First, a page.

BBC News | August 2023
Shoppers in the UK are being reminded to thoroughly wash mixed salad leaves, amid concern that this food could be the source of a major outbreak of food poisoning that has killed two and infected more than 150 people in the country.
The infection – the E. coli O157 bug - can cause bloody diarrhoea and abdominal pain.
The World Health Organization (WHO) estimates that up to 600 million people fall ill and 420,000 die every year from eating contaminated food, so watching what you eat is a worldwide concern.
With this in mind, the BBC spoke to food safety expert Bill Marler, a lawyer who has been involved in practically every major food poisoning case in the United States over the last few decades.
Here’s what he does and doesn’t eat.
Unpasteurised milk and packaged juices
Bill Marler’s experience in litigation has led him to swear off raw or unpasteurised milk products or unpasteurised juices. The danger is that there can be severe complications due to ingesting a bacteria known as E. coli, which can lead to acute kidney failure, perhaps necessitating a kidney transplant.
Neither does Mr Marler eat raw sprouts such as alfalfa, mung bean, clover or bean sprouts. These have been linked to some of the largest foodborne outbreaks in the world. In 2011, an outbreak linked to fenugreek seeds in Germany meant up to 900 people developed kidney failure and there were more than 50 deaths. According to Mr Marler, in the US and Canada there have been 50 sprout outbreaks in the last decade and a half.
Meat that isn’t well done
With ground or minced meat, any bacteria that is on the surface of the meat has been mixed into the interior. That’s why it’s important to cook hamburgers thoroughly.
When it comes to steaks, there’s typically less danger as the bacteria on the outside is killed during the cooking process. But, warns Mr Marler, a lot of steaks in restaurants get needle-tenderised – poked with needles to make the steak less tough - and that pushes any bacteria into the interior. If that’s the case, he warns that the steak needs to be cooked just like a hamburger.
Pre-washed and pre-cooked fruits and vegetables
In 2006 there was a major outbreak of E. coli linked to spinach – more than 200 people were made sick and up to five people killed by the outbreak in the US. Mr Marler says he represented most of those involved. The bacterial contamination was eventually linked to a spinach farm in California that had had some animal intrusion, and the faeces had contaminated the spinach with E. coli. When it was cut and sent to a facility where they triple washed it, that bacteria was spread amongst the product and shipped across the country, and sickening many.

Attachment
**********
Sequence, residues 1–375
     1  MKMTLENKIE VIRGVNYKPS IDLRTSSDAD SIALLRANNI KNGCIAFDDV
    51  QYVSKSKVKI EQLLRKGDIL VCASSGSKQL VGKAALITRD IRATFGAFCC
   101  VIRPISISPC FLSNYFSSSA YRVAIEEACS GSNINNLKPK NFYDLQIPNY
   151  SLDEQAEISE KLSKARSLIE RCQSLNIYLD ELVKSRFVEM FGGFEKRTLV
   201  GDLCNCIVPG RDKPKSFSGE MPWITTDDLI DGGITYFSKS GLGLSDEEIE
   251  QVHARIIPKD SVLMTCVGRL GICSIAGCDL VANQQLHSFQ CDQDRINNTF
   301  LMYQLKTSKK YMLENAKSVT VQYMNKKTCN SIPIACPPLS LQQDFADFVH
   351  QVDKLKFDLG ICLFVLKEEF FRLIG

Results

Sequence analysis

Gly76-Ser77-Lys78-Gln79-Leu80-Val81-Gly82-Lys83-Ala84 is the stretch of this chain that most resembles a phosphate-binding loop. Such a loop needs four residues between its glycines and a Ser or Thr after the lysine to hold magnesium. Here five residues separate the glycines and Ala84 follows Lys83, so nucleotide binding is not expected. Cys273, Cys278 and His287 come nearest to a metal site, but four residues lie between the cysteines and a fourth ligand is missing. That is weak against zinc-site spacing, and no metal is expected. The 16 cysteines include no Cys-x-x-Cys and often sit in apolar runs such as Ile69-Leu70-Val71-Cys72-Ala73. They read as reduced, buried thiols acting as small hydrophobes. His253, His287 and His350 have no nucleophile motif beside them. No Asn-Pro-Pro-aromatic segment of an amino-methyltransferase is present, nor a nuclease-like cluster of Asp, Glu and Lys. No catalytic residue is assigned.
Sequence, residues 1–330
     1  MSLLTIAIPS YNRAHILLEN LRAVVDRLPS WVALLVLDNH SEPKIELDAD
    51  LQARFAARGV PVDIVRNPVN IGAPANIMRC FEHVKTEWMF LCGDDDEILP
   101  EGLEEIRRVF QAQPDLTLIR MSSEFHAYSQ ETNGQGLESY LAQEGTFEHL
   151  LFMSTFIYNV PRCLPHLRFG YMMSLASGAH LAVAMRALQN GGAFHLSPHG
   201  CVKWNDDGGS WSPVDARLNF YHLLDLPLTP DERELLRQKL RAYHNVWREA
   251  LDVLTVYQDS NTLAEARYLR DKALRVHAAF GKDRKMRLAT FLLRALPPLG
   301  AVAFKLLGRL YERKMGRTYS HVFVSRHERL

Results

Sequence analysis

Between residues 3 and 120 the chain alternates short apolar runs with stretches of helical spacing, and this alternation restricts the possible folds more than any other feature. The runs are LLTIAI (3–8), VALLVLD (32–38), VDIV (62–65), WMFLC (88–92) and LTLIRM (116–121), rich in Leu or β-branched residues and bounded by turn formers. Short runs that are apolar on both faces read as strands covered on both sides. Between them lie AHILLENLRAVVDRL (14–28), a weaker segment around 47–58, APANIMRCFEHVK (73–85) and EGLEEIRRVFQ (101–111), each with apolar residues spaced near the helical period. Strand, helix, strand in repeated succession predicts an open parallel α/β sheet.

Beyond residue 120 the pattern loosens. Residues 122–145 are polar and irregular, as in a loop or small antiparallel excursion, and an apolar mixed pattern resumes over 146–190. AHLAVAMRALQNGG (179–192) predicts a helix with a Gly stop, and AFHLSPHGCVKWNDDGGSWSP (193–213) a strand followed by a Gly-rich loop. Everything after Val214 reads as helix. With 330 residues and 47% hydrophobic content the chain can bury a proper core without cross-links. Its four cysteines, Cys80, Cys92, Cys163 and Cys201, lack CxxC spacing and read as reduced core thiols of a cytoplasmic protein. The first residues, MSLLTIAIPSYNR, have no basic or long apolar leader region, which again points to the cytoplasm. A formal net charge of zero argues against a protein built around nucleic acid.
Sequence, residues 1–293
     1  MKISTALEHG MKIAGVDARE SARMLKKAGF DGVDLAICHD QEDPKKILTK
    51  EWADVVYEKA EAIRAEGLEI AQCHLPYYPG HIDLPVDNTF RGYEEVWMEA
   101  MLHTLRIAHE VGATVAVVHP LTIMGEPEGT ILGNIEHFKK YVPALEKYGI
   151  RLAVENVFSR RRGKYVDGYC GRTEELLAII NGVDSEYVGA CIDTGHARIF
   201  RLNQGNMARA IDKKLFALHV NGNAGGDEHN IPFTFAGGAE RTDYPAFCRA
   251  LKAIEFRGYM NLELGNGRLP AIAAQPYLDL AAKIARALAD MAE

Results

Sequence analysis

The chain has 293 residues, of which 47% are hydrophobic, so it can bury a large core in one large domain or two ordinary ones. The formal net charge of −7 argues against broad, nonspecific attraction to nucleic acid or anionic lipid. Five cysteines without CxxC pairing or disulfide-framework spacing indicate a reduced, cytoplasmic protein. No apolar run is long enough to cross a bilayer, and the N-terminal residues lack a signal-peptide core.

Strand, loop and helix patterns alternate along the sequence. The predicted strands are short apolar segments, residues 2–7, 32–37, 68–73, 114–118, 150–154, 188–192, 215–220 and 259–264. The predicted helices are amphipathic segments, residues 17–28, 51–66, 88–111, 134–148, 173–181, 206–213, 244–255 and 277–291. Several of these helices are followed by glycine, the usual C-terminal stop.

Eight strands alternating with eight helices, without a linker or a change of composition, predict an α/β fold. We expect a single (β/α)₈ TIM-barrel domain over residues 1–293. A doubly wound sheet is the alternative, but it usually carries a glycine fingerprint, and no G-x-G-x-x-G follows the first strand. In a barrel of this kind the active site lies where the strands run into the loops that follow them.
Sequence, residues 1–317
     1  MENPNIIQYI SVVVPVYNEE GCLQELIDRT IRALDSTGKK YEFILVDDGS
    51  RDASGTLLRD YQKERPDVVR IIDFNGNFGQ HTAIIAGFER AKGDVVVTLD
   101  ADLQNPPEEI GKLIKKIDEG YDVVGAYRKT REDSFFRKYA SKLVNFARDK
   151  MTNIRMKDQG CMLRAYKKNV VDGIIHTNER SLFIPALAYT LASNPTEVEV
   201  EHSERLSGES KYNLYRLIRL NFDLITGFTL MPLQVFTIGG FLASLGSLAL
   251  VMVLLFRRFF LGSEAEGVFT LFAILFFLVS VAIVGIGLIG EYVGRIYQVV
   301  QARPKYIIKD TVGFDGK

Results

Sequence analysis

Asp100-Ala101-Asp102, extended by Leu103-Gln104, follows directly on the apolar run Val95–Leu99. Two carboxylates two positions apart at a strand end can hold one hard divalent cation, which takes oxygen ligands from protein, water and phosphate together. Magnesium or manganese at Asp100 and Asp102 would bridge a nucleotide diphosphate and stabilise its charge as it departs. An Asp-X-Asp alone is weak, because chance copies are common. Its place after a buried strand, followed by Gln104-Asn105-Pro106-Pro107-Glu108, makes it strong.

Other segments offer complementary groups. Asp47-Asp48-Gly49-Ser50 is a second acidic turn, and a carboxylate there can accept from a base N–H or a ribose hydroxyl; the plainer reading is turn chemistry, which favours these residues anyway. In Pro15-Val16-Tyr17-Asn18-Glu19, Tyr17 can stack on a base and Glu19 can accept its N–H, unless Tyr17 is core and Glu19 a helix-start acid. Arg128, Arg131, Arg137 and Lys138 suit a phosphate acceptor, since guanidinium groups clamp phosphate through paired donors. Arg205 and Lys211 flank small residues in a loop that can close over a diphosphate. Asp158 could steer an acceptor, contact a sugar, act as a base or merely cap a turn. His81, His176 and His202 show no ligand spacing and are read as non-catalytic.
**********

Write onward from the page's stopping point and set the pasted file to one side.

Raw and undercooked eggs
In 1988, a UK health minister sparked a crisis when she said that most of the country's egg production was infected by salmonella. Egg sales fell by 60%, she was forced to resign and the government ordered the slaughter of more than two million chickens.
A recent report by a British food safety group says that pregnant women should be told they can safely eat runny eggs, almost 30 years after a salmonella crisis. But, whilst he agrees that it’s true that raw eggs are safer today than they were before, Bill Marler still urges caution. He thinks that federal legislation about egg safety has helped, but salmonella still poses an unacceptable risk to consumers of raw or undercooked eggs.
Raw oysters and other raw shellfish
The risk from oysters and other raw shellfish is that they are filter-feeders. That means if there is a bacterial or viral infection in the water, it’ll get into the food chain easily. And Bill Marler thinks that the problem is being exacerbated by global warming.
“I’m from Seattle and some of the best oysters in the world come from the Pacific north-west, but there are clearly issues going on with our water quality and the temperature. It’s a new risk factor which you have to think about when you are ordering those raw oysters,” he says.
Mr Marler warns that the age of the sandwich is the major risk factor, which could lead to exposure to listeria montocytogenes – a very nasty bug. He says it is a big killer both in the US and around the world and will put nearly everyone who ingests it in the hospital.
“Listeria grows really well at refrigerator temperatures, so if somebody makes you a sandwich and you eat it nearly immediately, the risk of listeria is low. If they make it and it’s stored in a fridge for a week before you eat it, it’ll give the listeria bug a chance to grow to a sufficient quantity that it’ll make you sick,” he says.
But one food type that people are frequently sceptical about – sushi – holds few fears for Bill Marler, although he concedes that you should be careful where you buy it.
“A good sushi restaurant is something that I go to. I don’t buy sushi from a grocery store or a gas station. A good sushi restaurant is pretty safe as fish are low risk when it comes to bacterial infections. More often I’ll go to a sushi restaurant before I go to a steak place. It’s a risk profile I feel more comfortable with,” he says.